About the release

Bernard Haitink’s revelatory Brahms recordings with the LSO demonstrated why fresh new interpretations of his major works are so important, and why the composer’s music is still so relevant today.

The London Symphony Orchestra’s cycle of Brahms symphonies was Bernard Haitink’s first set of recordings on the LSO Live label, originally released individually throughout 2004–05, and then as a boxed set in 2005. This collection of remastered recordings is now available on SACD, and digitally in spatial audio.

After struggling for years to come to terms with his fear of comparison to Beethoven, Brahms finally completed his First Symphony at the age of 43. It was hailed as a triumph and the remaining three symphonies followed relatively easily. His Symphony No. 2 overflows with a relaxed, pastoral beauty, while the Third Symphony contains some of the most dramatic music Brahms was to compose. Finally, loaded with German Romanticism and including variations on a Bach cantata, Brahms’ final symphony is a remarkable example of his mastery of symphonic composition. A rich, warm work that builds on a sense of movement and intensity right up to the final bars.

Along with the symphonies, this release also includes Brahms’ Double Concerto, Tragic Overture and Serenade No. 2.

Reviews of the 2005 recordings

“The opening bars of the [First] symphony, hammered out with real force and energy, set the tone for a fine, full-blooded performance … hard to beat.”
– Mail on Sunday

“An expressive performance of the Concerto for Violin and Cello from LSO principals Gordan Nikolitch and Tim Hugh. The opening cello statement is rich in tone, and the second movement is full of eloquence, not least from the LSO under Bernard Haitink. It’s coupled with an equally splendid performance of the Second Symphony, with some great brass playing at the end of the work.”
– Presto Music

“Not a nuance is misjudged, as Haitink takes us on a hair-raising version of the journey Brahms envisaged: long, scenic and never a dull moment.”
– The Observer

“[Disc four] is the crowning instalment in a series … This ranks with such classic Fourths as Kleiber’s, Karajan’s and Toscanini’s.”
– Hi-Fi News

This reissue of Brahms: Symphonies Nos 1–4 will be released on Friday 2 September 2022 on CD (Hybrid SACD) and via all major streaming and download services.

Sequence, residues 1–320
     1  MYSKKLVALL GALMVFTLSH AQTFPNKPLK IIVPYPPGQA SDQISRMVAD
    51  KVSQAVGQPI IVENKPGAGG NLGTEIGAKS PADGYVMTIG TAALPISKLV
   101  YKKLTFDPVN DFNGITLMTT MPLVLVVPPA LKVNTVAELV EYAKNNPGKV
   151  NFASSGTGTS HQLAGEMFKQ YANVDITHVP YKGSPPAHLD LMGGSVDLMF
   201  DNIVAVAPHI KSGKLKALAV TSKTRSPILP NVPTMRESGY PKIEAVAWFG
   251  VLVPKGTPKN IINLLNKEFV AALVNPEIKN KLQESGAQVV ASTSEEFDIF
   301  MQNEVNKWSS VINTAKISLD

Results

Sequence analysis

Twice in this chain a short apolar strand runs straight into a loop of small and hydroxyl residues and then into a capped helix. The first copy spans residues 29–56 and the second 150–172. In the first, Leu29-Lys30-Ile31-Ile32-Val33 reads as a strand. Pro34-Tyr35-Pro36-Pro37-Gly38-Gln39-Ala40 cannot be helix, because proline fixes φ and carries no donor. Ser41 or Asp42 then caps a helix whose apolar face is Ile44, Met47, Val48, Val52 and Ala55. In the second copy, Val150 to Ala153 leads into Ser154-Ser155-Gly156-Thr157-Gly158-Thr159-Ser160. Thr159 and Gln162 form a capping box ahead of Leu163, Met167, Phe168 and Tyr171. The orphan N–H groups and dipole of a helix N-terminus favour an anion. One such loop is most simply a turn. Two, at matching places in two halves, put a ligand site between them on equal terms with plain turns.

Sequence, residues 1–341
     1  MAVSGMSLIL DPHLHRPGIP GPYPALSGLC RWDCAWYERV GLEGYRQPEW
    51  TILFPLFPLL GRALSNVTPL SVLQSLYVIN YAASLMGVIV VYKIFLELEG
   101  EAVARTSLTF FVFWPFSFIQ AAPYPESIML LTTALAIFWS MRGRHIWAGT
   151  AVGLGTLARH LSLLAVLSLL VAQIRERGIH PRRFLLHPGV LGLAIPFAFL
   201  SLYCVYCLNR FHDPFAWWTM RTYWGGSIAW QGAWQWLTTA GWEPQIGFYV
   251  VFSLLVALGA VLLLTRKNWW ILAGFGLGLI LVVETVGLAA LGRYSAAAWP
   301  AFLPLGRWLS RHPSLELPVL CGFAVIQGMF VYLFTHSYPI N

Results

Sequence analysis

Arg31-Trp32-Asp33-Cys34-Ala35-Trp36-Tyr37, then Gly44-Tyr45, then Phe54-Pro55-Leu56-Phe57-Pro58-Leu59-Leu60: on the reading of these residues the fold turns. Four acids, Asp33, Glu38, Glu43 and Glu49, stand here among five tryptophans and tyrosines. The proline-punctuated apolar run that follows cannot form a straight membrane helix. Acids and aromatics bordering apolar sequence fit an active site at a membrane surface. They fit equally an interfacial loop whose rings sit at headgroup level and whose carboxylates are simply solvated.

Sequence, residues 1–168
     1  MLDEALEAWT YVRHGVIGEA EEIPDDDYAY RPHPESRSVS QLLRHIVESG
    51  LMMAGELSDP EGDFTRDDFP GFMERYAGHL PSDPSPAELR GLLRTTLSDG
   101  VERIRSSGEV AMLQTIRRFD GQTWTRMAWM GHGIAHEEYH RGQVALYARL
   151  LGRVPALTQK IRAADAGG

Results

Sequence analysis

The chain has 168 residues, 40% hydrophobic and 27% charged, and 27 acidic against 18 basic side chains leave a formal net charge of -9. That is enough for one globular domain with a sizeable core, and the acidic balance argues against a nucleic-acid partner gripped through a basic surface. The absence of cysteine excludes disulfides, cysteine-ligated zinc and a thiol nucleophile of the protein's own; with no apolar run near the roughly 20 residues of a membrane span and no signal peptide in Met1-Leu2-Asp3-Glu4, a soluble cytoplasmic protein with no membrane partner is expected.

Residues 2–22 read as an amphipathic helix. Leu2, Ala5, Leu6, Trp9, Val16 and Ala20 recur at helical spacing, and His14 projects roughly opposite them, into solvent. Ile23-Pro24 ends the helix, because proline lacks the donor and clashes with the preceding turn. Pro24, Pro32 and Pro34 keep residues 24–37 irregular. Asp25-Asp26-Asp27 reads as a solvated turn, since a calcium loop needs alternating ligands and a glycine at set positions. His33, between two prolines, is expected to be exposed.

About Bernard Haitink

With an international conducting career that spanned over 60 years, Bernard Haitink is considered to have been one of the most celebrated conductors of his generation.

Born in 1929 in Amsterdam, Haitink studied the violin and conducting at the Conservatorium van Amsterdam, later studying with the German conductor Ferdinand Leitner. His first concert conducting the Netherlands Radio Union Orchestra (later the Radio Filharmonisch Orkest) in 1954 led to roles as the orchestra’s second conductor and, in 1957, its Chief Conductor. In 1956, he made his debut with the Concertgebouworkest, and became its Principal Conductor in 1961, a position he held until 1988. During his tenure his substantial recording output with the orchestra included Bruckner, Mahler, Schumann, and Tchaikovsky symphony cycles, as well as works by Strauss, Shostakovich, Ravel, Debussy, Brahms, Beethoven and Bartók.

Bernard Haitink also held posts as Principal Conductor or Music Director with: the London Philharmonic Orchestra (1967–1979); Glyndebourne Festival Opera (1978–1988); Royal Opera House, Covent Garden (1987–2002); Staatskapelle Dresden (2002–2004); and the Chicago Symphony Orchestra (2006–2010). He was Conductor Laureate of the Concertgebouworkest and Conductor Emeritus of the Boston Symphony Orchestra (having been Principal Guest Conductor from 1995 to 2004), and performed regularly with the world’s leading orchestras, including the London Symphony Orchestra, Wiener Philharmoniker, and Berliner Philharmoniker (who made him an honorary member in 2004).

Despite his reputation as a Mahler and Bruckner specialist, Bernard Haitink’s extensive recording legacy encompasses a large variety of symphonic repertoire, recorded with some of the world’s greatest orchestras. His recordings of the complete Brahms and Beethoven symphonies, as well as discs of Bruckner and Strauss, for the London Symphony Orchestra’s own label, LSO Live, garnered numerous accolades, with the complete Beethoven cycle being named the “Benchmark Beethoven Cycle” by BBC Music Magazine and earning a nomination for Best Classical Album at the 2006 Grammy Awards. He was awarded a Grammy for Best Opera Recording in 2003 for Janáček’s Jenůfa with the Royal Opera, and for Best Orchestral Performance of 2008 for Shostakovich’s Symphony No 4 with the Chicago Symphony Orchestra.

Bernard Haitink was awarded a number of state honours, including ‘Chevalier’ of the Ordre des Arts et des Lettres (France, 1972); honorary Knight Commander of the Order of the British Empire (UK, 1977); Officer of the Order of the Crown (Belgium, 1977); Honorary medal for Arts and Science of the Order of the House of Orange (Netherlands, 2000); honorary Companion of Honour (UK, 2002); and Commander of the Order of the Netherlands Lion (Netherlands, 2017). He conducted his final concert in Lucerne on 6 September 2019, with the Wiener Philharmoniker, and died on 21 October 2021 at his home in London.